It is in the population control policies of China that we see the true face of a government that acknowledges no limits to its power — as though, after all the totalitarian atrocities witnessed by the Twentieth Century, we need another example of the potential for abuse inherent in a government unconstrained by Constitutional limitations.

"China has been shaken by one of the most horrifying cases of official infanticide in recent memory after family planners drowned a healthy baby in front of its parents. The actions of the officials in the village of Caidian, in the central Hubei province — carried out as part of China's one-child policy — caused a public outcry which forced the Hubei government to pledge that those responsible would be punished, a rarity in such cases. … The baby's mother…was forcibly injected with a saline solution to induce labour and kill the child. However, the baby was born healthy, to the surprise of family planning officials who had ordered the injection…. Immediately after the birth, they ordered the father to kill the child outside the hospital. He refused to obey but was so scared of further punishment that he left the crying baby behind in an office building, where it was found by a doctor shortly afterwards. … He removed the umbilical cord, administered vaccinations and then sent the family home. Five officials were waiting for them in their living room. During the ensuing argument, the officials grabbed the baby, dragged it out of the house and drowned it in a paddy field in front of its parents." — London Times, August 24, 2000.

"'Family Planning Is Everybody's Responsibility' declares one of the many slogans daubed on the walls of Caidian township, where an official investigation has been launched into the murder of a newborn baby by a group of government officials. …What the high-minded slogans do not say, but what the residents of Caidian know only too well, is that China's population-control policies allow petty bureaucrats across the country a free hand to ruin people's lives as they extort bribes and gifts and dispense life-or-death decisions." — London Telegraph, August 27, 2000.

According to a fact sheet released by the Chinese Embassy in the United Kingdom, "Assessments are imposed on multi-birth families to enable society to bring up their children." [emphasis added] This represents both a restriction on having too many childbirths and an obligation of those responsible to pay a certain compensation to society." Clearly, China is a society manifesting the philosophy that It Takes A Village to raise a child. The Chinese Embassy fact sheet went on to assure readers that "Forced abortion and sterilization are strictly prohibited by the Chinese laws and offenders will be punished according to law."

The Chinese government through its UK Embassy fact sheet issued assurances that China's population control policies are not coercive. The U.S. State Department's 1999 Country Reports on Human Rights Practices in China, however, concluded otherwise:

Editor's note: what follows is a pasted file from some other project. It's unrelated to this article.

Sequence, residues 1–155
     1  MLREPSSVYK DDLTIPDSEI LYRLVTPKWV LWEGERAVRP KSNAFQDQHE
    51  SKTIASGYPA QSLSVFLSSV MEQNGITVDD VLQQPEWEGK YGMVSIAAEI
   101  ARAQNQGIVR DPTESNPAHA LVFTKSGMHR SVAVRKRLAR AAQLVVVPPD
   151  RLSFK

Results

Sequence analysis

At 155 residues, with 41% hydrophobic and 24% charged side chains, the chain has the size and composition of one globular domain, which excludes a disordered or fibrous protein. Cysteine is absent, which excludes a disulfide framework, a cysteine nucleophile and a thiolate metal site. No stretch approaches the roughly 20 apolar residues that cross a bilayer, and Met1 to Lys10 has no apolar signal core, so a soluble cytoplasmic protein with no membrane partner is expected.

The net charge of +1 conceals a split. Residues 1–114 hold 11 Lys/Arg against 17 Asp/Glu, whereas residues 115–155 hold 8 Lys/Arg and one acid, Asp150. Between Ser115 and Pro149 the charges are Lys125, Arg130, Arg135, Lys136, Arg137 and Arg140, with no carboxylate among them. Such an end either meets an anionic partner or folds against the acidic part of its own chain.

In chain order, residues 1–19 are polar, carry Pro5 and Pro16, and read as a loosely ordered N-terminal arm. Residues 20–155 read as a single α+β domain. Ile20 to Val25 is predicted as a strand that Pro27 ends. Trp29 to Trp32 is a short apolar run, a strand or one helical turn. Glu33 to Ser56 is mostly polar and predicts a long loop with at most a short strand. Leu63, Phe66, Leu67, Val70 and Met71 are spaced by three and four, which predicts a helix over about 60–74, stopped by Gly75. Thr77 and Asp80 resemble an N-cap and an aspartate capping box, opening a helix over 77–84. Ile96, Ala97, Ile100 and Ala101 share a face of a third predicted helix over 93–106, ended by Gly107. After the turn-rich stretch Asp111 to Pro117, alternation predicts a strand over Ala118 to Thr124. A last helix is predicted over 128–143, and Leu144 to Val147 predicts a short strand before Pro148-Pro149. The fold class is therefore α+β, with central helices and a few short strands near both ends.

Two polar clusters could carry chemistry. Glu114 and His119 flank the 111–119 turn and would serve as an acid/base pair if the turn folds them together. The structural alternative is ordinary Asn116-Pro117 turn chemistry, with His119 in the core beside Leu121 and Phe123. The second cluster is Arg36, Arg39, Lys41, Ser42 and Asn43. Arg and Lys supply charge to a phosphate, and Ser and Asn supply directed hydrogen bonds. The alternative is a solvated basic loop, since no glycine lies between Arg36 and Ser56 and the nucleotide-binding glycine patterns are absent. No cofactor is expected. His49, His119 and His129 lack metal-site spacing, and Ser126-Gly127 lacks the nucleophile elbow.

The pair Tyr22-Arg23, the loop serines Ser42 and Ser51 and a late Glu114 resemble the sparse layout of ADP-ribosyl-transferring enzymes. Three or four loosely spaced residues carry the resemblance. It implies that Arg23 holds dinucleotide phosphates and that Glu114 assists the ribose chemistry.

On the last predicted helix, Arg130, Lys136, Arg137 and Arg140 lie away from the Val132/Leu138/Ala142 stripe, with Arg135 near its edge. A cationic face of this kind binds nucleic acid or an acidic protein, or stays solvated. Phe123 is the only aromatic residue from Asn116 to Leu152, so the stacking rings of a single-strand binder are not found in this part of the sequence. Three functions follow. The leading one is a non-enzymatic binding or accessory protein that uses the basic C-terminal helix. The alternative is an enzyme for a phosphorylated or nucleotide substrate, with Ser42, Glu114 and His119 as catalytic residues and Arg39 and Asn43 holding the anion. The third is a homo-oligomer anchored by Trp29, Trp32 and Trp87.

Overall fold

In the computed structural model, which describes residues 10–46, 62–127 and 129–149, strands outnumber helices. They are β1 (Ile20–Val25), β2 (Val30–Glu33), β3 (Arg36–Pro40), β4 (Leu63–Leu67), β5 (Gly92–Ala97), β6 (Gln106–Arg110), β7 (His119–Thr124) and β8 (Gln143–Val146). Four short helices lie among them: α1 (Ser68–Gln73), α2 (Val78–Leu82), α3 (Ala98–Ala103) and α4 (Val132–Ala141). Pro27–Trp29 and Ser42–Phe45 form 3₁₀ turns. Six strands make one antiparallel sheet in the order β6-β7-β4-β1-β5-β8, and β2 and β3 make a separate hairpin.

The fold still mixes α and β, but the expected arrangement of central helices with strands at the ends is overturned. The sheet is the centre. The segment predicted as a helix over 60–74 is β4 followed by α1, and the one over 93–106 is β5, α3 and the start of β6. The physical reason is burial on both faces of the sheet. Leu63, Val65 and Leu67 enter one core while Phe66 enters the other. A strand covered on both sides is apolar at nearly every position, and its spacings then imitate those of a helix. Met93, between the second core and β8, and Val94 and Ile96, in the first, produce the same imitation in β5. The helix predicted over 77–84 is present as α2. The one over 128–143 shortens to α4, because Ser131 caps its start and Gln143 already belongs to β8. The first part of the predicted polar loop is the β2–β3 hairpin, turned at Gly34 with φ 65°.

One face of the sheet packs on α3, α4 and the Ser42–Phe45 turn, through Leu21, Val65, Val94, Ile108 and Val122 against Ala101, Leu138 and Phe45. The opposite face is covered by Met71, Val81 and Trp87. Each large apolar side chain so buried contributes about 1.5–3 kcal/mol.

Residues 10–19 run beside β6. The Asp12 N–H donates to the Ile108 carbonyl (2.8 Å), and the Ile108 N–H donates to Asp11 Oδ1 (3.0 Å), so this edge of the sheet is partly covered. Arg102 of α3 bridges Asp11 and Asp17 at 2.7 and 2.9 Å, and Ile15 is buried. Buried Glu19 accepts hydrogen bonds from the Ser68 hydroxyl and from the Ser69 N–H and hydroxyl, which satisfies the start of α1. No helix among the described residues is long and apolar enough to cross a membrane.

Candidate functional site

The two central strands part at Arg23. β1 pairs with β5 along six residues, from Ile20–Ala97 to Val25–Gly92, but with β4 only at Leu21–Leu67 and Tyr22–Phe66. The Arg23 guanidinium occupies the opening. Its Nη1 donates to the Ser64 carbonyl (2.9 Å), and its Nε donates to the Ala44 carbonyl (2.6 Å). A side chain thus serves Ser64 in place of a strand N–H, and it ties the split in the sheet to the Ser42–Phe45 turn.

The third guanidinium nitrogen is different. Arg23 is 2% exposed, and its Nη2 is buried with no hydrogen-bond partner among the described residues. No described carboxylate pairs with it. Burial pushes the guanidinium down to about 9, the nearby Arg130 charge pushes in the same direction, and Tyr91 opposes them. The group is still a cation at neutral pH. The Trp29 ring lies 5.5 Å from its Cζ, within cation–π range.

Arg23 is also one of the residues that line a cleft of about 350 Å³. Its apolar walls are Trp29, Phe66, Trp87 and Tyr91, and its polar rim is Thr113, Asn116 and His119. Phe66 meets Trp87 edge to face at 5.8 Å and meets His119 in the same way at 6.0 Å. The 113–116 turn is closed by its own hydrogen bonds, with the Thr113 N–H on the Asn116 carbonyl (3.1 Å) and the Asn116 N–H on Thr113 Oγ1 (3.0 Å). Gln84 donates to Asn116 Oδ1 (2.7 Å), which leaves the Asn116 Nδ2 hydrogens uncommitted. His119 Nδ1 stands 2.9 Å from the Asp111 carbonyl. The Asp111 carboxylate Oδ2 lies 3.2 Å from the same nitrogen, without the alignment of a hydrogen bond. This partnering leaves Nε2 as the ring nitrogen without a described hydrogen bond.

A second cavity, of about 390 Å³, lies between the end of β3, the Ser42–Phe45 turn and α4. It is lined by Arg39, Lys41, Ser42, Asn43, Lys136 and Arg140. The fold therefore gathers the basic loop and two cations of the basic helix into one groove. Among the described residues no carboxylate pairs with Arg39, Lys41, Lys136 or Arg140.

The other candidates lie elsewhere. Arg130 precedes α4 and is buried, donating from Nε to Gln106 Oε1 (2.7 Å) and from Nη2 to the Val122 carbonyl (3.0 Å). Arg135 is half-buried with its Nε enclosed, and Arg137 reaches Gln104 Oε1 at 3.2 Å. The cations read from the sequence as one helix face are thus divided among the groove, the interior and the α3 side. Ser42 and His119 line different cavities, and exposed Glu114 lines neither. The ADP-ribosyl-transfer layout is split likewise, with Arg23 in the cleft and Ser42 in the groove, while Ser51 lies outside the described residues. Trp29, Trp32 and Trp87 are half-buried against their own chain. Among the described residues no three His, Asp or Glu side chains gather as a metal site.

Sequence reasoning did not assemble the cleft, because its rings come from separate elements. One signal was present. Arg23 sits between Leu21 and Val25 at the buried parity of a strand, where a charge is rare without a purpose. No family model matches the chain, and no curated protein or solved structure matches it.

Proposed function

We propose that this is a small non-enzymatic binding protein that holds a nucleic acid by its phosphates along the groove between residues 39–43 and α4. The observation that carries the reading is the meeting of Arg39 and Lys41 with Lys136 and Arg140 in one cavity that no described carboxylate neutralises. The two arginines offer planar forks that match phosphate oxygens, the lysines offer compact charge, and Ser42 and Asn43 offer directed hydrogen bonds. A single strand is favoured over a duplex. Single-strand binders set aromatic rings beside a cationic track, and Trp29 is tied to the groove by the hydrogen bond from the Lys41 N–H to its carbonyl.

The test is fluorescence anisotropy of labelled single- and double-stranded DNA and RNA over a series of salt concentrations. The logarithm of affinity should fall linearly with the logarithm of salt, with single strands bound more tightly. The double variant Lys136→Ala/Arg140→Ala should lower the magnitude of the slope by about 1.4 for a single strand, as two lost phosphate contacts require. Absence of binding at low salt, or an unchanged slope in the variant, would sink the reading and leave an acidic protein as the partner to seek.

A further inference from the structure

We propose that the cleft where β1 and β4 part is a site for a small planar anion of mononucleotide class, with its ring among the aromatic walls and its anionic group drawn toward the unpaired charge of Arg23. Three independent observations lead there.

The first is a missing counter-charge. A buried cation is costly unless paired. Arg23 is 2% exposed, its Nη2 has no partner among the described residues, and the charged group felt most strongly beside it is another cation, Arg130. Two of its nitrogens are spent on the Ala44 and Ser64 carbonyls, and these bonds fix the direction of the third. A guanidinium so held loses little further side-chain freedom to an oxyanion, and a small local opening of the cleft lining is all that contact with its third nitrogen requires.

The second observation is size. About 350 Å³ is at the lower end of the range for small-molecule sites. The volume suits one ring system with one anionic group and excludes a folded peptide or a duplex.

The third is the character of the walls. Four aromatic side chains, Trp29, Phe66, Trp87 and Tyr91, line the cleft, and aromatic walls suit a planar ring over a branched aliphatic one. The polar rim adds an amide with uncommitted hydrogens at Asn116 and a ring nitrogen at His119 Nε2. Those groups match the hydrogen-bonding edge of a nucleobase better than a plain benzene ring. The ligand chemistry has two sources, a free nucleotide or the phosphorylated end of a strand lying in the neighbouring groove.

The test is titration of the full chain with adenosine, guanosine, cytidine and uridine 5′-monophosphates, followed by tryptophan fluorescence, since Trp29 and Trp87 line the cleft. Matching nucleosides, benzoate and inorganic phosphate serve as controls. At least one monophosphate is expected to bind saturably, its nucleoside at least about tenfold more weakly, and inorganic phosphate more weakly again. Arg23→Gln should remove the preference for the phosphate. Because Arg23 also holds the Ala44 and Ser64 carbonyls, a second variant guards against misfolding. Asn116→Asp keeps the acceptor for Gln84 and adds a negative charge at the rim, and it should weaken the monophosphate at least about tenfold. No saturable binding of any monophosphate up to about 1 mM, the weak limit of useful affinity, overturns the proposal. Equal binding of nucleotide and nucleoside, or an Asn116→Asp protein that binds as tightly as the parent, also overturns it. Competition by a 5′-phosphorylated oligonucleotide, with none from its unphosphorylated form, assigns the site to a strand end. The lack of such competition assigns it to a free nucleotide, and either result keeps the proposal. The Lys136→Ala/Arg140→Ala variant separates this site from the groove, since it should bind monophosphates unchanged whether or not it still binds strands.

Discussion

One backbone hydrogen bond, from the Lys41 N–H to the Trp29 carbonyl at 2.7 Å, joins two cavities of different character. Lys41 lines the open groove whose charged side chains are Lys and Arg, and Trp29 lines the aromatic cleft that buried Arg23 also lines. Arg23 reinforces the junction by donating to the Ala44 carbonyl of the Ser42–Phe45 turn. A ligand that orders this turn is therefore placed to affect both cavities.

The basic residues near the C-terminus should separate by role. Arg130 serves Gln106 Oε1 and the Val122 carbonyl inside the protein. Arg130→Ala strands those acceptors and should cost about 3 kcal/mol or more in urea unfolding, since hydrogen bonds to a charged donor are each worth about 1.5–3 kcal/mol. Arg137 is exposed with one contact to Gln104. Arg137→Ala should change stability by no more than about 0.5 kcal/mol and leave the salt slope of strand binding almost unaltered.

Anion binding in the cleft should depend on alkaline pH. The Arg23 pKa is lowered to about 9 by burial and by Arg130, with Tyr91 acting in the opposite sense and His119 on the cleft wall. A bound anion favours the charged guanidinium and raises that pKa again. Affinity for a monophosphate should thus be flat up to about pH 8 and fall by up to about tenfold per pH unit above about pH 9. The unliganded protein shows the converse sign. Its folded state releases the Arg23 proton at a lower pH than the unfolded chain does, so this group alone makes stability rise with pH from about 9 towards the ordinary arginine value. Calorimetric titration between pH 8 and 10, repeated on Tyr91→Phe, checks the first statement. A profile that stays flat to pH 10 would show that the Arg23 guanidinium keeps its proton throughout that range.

"Minorities in some rural areas are permitted to have as many as four children, but increasingly, authorities are pressuring minorities to limit births. … Population control policy relies on education, propaganda, and economic incentives, as well as on more coercive measures, including psychological pressure and economic penalties. The national family planning policy is implemented through provincial and local regulations. … If a couple has two children, those regulations require that either the man or woman undergo sterilization. … Rewards for couples who adhere to family planning policies include monthly stipends and preferential medical and educational benefits. …Disciplinary measures against those who violate policies can include fines (sometimes called a 'fee for unplanned birth' or a 'social compensation fee'), withholding of social services, demotion, and other administrative punishments that sometimes result in loss of employment. Fines for giving birth without authorization vary, but they can be a formidable disincentive."

"A tradition of infanticide and abandonment, especially of females, existed in China before the foundation of the People's Republic in 1949. … The practice was largely forsaken in the 1950s, 1960s, and 1970s… . But the number of 'missing' women showed a sharp upward trend in the 1980s, linked by almost all scholars to the 'one-child policy' introduced by the Chinese government in 1979 to control spiraling population growth. Couples are penalized by wage-cuts and reduced access to social services when children are born 'outside the plan.' … in September 1997, the World Health Organization's Regional Committee for the Western Pacific issued a report claiming that 'more than 50 million women were estimated to be 'missing' in China because of the institutionalized killing and neglect of girls due to Beijing's population control program that limits parents to one child'." — Gendercide Watch

Why should we care about strict adherence to the limitations imposed on our government by our Constitution? China provides the example of the pursuit of a politically correct and internationally popular "greater good", when accompanied by, in the words of the State Department, "…inadequate implementation of laws protecting basic freedoms." Our Constitution is the law that protects our basic freedoms. It was designed to limit the power of government so as to "secure the Blessings of Liberty to ourselves and our Posterity". Increasingly, we have been ignoring those limits, usually in the name of some "greater good" or "general welfare". We do so at our great peril.

The above article is the property of Kim Weissman, and is reprinted with his permission.
Contact him prior to reproducing. 

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3 sep 2000